in the United States.

Last fall, private researchers determined that — over that same period —
China had turned its most advanced hacking tools on its own people
In overlapping discoveries, researchers at Google, the security firm
Volexity and the Citizen Lab at the University of Toronto’s Munk School of
Public Affairs separately uncovered what amounted to an advanced Chinese
hack against iPhones and Android phones belonging to Chinese Uighurs and
Tibetans throughout the world.
[image: A security checkpoint equipped with facial recognition technology
at the entrance of a park in Xinjiang.]
A security checkpoint equipped with facial recognition technology at the
entrance of a park in Xinjiang. Credit...Gilles Sabrié for The New York

Google’s researchers discovered that hackers had infected websites
frequented by Uighurs — inside China and in other countries — with tools
that could hack their iPhones and siphon off their data.

Lookout’s latest analysis suggests that China’s mobile hacking campaign was
broader and more aggressive than security experts, human rights activists
and spyware victims had realized. But experts on Chinese surveillance say
it should come as no surprise, given the lengths to which Beijing has gone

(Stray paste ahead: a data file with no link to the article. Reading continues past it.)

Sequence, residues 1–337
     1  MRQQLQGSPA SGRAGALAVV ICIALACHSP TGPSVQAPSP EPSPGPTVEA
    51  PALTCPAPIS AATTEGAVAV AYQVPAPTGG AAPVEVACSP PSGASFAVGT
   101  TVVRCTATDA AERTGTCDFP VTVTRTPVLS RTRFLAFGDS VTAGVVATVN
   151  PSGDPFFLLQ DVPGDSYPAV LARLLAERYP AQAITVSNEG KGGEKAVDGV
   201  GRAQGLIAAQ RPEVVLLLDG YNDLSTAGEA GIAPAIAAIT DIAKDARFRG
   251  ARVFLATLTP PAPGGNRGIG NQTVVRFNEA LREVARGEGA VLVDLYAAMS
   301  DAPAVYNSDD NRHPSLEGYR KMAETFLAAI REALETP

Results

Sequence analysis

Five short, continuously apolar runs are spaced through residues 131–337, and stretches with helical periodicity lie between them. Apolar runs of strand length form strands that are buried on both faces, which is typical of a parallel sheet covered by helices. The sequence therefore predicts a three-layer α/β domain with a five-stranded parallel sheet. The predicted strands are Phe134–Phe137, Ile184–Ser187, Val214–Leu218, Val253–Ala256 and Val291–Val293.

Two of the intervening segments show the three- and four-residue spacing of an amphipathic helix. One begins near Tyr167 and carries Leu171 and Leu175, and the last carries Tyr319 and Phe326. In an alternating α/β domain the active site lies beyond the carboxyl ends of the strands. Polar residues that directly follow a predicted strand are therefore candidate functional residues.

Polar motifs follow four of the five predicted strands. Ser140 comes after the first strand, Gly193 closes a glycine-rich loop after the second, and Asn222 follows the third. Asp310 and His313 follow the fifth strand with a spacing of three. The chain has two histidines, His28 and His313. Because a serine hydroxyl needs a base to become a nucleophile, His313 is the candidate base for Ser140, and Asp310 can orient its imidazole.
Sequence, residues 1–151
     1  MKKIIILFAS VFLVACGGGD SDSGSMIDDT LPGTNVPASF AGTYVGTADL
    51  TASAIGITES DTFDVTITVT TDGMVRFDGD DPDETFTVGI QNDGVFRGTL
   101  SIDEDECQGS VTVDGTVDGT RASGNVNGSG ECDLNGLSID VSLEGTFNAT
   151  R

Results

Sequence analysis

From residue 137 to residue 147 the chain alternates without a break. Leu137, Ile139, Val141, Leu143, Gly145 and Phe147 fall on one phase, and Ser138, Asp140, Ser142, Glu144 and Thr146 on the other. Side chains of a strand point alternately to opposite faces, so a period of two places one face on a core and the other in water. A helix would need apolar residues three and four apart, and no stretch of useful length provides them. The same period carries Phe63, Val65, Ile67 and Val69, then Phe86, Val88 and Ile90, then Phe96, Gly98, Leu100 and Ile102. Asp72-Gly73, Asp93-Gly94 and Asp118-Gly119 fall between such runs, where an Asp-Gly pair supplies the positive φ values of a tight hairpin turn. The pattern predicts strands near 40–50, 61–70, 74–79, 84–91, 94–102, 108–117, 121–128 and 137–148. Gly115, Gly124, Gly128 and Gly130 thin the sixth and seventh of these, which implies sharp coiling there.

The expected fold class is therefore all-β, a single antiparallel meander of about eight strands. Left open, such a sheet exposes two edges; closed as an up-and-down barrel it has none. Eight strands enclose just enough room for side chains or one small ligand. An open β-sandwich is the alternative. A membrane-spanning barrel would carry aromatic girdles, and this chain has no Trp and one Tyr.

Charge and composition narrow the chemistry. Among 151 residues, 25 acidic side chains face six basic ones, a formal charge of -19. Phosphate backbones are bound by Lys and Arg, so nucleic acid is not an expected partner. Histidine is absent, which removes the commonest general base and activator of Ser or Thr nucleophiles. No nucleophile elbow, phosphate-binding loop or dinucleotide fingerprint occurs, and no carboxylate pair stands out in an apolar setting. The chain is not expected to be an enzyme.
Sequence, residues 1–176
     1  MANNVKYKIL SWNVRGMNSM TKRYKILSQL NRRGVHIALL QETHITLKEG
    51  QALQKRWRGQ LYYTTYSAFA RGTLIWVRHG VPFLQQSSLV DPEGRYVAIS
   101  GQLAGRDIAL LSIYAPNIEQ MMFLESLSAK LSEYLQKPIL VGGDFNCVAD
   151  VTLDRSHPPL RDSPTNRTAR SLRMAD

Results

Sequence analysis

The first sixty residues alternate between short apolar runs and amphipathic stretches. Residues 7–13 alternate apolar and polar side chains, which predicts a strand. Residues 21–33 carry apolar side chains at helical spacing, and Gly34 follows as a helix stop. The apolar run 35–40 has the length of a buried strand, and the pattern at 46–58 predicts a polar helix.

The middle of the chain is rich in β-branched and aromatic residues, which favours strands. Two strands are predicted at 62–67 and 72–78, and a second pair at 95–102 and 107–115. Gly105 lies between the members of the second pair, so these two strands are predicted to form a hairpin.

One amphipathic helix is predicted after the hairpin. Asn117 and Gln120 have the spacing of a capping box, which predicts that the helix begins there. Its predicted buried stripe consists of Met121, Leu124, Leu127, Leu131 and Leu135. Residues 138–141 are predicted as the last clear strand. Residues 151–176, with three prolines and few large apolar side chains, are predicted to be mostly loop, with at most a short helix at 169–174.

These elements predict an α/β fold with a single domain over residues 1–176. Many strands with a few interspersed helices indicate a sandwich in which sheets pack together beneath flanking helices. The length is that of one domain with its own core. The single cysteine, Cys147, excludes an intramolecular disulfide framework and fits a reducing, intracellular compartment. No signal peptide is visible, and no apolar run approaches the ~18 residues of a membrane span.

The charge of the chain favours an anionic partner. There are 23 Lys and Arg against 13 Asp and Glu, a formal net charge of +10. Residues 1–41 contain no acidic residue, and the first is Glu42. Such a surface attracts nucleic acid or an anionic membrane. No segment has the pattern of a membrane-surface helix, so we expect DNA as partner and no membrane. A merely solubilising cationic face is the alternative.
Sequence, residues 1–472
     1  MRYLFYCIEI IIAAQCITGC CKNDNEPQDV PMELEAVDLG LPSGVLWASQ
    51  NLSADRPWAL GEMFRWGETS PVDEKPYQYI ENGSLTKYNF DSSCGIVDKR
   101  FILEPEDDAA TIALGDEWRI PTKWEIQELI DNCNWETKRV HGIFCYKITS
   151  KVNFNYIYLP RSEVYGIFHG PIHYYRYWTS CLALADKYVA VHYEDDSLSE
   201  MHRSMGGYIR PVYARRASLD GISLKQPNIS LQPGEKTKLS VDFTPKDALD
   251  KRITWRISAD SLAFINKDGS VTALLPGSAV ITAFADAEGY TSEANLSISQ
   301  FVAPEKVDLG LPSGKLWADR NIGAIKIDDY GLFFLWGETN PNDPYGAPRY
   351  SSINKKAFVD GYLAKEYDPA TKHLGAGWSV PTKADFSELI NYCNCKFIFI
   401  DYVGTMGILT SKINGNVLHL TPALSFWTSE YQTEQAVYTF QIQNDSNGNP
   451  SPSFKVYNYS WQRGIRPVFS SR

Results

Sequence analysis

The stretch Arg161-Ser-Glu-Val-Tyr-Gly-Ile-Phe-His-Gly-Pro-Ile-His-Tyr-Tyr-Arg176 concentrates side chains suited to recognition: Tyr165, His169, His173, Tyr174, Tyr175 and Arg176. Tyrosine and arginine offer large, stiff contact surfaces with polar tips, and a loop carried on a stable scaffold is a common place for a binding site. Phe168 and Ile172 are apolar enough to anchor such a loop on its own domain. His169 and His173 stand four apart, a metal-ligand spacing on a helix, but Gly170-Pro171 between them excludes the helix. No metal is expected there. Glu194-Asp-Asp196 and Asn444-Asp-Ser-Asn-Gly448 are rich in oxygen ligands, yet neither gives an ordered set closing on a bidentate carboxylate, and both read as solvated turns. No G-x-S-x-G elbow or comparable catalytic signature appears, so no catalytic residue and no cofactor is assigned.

to monitor Xinjiang.

“We should think about smartphone surveillance being used as a way to track
people’s inner life, their everyday behavior, their trustworthiness,” said
Darren Byler, who studies surveillance of minority populations at the
University of Colorado, Boulder.

In 2015, as Beijing pushed to crack down on sporadic ethnic violence in
Xinjiang, the authorities grew “desperate” to track fast-growing Uighur
communications online, Mr. Byler said. Uighurs began to fear that their
online chats discussing Islam or politics were risky. Savvier Uighurs took
to owning a second “clean phone,” said Mr. Byler, who lived in Xinjiang in

On the streets of Xinjiang, the police began confiscating Uighurs’ phones.
Sometimes, they returned them months later with new spyware installed.
Other times, people were handed back entirely different phones. Officials
visiting Uighur villages regularly recorded the serial numbers used to
identify smartphones. They lined the streets with new hardware that tracked
people’s phones as they walked past.

The authorities dragged Uighurs off to detention camps for having two
phones or an antiquated phone, arbitrarily dumping a phone, or not having a
phone at all, according to testimonials
and government documents

Over that same period, Lookout said China’s mobile hacking efforts
accelerated. One type of Chinese malware, known as GoldenEagle after the
words hackers littered throughout their code — an apparent reference to the
eagles used for hunting in Xinjiang — was used as early as 2011. But its
use picked up in 2015 and 2016. Lookout uncovered more than 650 versions of
GoldenEagle malware and a large number of fake Uighur apps that function as
a sort of Trojan horse to spy on users’ mobile communications.